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Blood Beach/Review

From The Grindhouse Cinema Database

< Blood Beach

Blood Beach riffs on Jaws 2 with the catchy tag-line, “Just when you thought it was safe to go back in the water, you can’t get to it” smartly identifying itself with the hugely successful movie franchise. Advertising posters feature great artwork of a gal being pulled into a pit in the sand, advertising effectively catching movie-goers attention.

After people are sucked into the beach by a mysterious “what,” police procedural and a romance sub-plot push creature attacks into the background while police argue with local community leaders, characters have loving conversation over candle-lit dinners, and the cast get together for a couple of band numbers at the local watering hole; a tiresome method of “musical time-killing” forever used by low-budget film-makers seeking to expand thin running times.

Jeffrey Bloom directed episodes of Starsky and Hutch and wrote/directed Dogpound Shuffle with David Soul prior to directing Blood Beach. Bloom returned to television for several TV movies after completing Blood Beach, which itself could easily be mistaken for a prime-time cop drama with a creeping sand-monster replacing trouble-making criminals. Movies that “look like TV” is admittedly a hard to define comparison although most everyone, borrowing from that famous quote about pornography, “knows it when they see it.”

Television regulars flesh out most of the cast, Burt Young (Rockford Files, Baretta), John Saxon (Police Story, Mary Tyler Moore), David Huffman (Police Story, Baretta), Otis Young (The Outcasts, Rawhide) and Marianna Hill (S.W.A.T., Kung Fu). Burt Young is easily the most enjoyable character of Blood Beach; Young portrays your stereotypical “adorable slob,” happy-go-lucky Chicago sergeant Royko, complete with fedora, cigar and shoulder holster. Young spends the film eating hotdogs, drinking coffee and noshing gum while delivering corny one-liners aimed at deceased victims and their grisly deaths and offering recommendations about handling the difficult investigation.

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Young has several memorable scenes, one particularly humorous exchange showcasing his ability to effortlessly portray subtle behaviors that reveal his character’s veiled, yet true feelings. While a missing victim’s wife describes the ridiculous outfit he was wearing the day he disappeared, Young politely takes notes, carefully repeating each garment of clothing; shorts and knee-high socks, odd styles, patterns and colors capped-off by an aqua-marine t-shirt reading “Need gas? East beans” in bright red lettering (a nod to the then-current US oil crisis). By simply repeating each item of clothing to the bereaved wife, Young perfectly conveys Royko thinking to himself that he‘d never be caught dead in such a ridiculous outfit in public.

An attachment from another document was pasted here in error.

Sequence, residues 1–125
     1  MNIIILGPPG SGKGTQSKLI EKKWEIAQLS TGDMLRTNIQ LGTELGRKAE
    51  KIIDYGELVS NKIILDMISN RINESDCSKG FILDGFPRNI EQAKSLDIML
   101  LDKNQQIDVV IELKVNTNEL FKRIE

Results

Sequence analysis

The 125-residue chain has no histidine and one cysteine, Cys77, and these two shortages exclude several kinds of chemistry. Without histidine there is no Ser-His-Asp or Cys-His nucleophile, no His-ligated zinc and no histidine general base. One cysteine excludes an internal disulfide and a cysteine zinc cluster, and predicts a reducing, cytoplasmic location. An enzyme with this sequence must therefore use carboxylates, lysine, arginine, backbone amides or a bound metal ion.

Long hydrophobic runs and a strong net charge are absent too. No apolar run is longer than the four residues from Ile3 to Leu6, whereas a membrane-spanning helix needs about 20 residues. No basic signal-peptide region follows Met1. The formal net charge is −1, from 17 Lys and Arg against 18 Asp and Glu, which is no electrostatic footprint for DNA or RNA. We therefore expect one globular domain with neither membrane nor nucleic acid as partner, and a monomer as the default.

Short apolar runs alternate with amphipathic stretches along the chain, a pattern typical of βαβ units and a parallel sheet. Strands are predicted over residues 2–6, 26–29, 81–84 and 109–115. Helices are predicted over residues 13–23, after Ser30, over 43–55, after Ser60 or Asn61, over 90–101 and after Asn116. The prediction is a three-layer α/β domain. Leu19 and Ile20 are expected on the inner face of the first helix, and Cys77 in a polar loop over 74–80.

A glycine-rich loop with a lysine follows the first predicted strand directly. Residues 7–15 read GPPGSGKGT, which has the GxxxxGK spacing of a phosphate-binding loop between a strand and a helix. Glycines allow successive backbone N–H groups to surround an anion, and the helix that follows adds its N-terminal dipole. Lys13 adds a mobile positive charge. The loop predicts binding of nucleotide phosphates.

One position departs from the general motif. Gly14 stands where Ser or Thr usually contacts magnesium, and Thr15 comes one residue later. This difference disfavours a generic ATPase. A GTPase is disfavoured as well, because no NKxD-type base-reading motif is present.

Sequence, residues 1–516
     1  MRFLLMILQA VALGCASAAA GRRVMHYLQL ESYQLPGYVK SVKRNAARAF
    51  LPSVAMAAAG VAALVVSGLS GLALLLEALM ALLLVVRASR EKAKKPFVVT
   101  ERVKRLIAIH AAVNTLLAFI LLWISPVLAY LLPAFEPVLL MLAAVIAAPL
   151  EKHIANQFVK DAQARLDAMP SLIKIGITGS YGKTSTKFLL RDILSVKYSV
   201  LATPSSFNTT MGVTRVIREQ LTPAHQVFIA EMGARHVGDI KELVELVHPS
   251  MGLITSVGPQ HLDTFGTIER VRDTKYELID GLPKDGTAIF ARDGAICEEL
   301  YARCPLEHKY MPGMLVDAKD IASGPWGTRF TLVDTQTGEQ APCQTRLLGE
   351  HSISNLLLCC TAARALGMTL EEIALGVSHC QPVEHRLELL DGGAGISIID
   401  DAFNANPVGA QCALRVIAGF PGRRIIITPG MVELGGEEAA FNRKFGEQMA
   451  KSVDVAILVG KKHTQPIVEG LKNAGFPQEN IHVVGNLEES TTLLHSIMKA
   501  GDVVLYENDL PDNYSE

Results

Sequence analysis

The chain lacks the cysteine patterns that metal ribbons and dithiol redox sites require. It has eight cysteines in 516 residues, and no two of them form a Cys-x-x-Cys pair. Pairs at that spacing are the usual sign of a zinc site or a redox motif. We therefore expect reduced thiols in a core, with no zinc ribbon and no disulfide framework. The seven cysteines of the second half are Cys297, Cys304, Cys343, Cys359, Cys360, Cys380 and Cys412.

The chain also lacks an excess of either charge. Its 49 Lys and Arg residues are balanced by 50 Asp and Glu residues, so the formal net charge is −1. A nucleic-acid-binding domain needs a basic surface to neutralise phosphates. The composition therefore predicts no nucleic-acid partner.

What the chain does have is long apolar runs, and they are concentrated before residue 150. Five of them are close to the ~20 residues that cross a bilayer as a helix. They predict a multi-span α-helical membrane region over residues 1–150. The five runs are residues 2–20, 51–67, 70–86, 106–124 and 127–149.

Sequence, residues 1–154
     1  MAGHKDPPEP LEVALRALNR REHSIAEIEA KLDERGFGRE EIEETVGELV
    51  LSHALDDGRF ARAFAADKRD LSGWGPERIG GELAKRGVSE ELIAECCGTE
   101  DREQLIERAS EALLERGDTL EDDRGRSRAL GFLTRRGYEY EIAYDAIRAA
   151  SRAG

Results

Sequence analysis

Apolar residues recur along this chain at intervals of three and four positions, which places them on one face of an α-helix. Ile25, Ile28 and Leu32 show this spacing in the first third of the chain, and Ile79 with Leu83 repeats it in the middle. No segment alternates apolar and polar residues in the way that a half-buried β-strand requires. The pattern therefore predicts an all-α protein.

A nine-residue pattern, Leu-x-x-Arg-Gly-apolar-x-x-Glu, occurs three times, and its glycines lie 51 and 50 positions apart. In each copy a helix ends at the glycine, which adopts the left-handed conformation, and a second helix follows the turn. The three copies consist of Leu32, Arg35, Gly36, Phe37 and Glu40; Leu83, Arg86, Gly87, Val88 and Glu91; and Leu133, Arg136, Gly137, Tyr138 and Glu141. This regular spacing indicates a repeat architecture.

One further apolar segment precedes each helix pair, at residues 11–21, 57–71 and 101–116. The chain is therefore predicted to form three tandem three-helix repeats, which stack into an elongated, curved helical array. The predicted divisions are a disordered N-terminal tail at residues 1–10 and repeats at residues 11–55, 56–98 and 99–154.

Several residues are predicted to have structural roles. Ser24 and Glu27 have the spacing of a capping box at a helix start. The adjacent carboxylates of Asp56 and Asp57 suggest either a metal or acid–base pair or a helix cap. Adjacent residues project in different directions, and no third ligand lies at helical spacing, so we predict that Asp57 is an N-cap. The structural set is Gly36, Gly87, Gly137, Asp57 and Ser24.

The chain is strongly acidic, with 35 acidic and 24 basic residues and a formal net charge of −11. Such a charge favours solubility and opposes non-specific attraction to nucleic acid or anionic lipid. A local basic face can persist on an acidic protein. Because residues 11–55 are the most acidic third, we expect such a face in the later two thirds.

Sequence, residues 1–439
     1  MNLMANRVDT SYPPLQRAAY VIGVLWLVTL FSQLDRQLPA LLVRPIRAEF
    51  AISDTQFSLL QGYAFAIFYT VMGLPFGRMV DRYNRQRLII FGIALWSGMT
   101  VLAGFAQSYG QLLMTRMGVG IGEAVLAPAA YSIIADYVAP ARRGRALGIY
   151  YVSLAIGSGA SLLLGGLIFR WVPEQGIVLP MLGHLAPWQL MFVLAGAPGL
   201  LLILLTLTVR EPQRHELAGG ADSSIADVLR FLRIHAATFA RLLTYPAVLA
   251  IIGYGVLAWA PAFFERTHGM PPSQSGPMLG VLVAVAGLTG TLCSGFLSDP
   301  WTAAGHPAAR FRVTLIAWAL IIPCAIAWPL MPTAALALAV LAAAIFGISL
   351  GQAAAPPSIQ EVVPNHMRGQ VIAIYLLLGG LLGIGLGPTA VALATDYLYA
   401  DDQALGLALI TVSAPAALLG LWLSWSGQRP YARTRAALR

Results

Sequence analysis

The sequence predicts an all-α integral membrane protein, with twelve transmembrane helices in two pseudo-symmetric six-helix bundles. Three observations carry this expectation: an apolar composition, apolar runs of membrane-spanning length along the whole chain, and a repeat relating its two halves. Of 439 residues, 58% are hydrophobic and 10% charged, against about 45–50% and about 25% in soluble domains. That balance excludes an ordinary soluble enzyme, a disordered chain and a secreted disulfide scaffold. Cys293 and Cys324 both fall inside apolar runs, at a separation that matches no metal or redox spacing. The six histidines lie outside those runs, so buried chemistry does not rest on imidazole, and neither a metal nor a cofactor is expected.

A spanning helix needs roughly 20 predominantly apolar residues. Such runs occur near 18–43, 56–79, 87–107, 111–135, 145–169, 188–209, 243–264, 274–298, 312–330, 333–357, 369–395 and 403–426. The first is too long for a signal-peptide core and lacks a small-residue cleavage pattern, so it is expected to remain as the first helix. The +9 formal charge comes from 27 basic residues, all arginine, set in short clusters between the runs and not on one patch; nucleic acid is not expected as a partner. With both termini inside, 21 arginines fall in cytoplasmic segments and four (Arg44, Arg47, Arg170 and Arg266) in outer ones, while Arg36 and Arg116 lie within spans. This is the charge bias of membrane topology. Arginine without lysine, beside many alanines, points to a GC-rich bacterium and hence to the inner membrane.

Holding the reins on Royko are police Lieutenant Piantadosi (Otis Young) and hard-nosed Captain Pearson (Saxon). Saxon has a great face, easily conveying the force of authority before speaking a word of dialogue. Stefan Gierasch (Starsky and Hutch, Baretta) tags along as the pre-requisit scientist, Dr. Dimitrios, although the investigation abandons scientific theory for lots of head-scratching and digging after the creature with a back hoe.

Unforgettable character actor Micky Fox appears as the owner of local greasy-spoon Moose’s Galley; Marianna Hill appears as Catherine, daughter of the first victim and love interest for local beach policeman, Harry (David Huffman). After more attacks, Captain Pearson turns to Harry asking, “What’d I do to deserve this?” oddly appropriate dialogue for an actor stuck with this TV-cop-monster-movie hybrid, who spent a long career working with several noted directors such as Otto Preminger and acting alongside Jane Fonda in the Oscar-nominated The Electric Horseman. As dialogue between Pearson and Harry continues, Saxon jokingly tosses out the purloined Jaws 2 advertising slogan to wrap up their conversation. Someone really liked that advertising tag-line!

Harry eventually surmises that the old abandoned amusement building sitting pier-side would make a perfect monster home. These suspicions are confirmed during one of the most effective sequences in the movie. While poking around inside the abandoned building, Catherine has various body parts fall on top of her from the creaky ceiling above, and finds herself staring at her mother’s (very well sculpted) disembodied head swinging by its hair just inches from her face!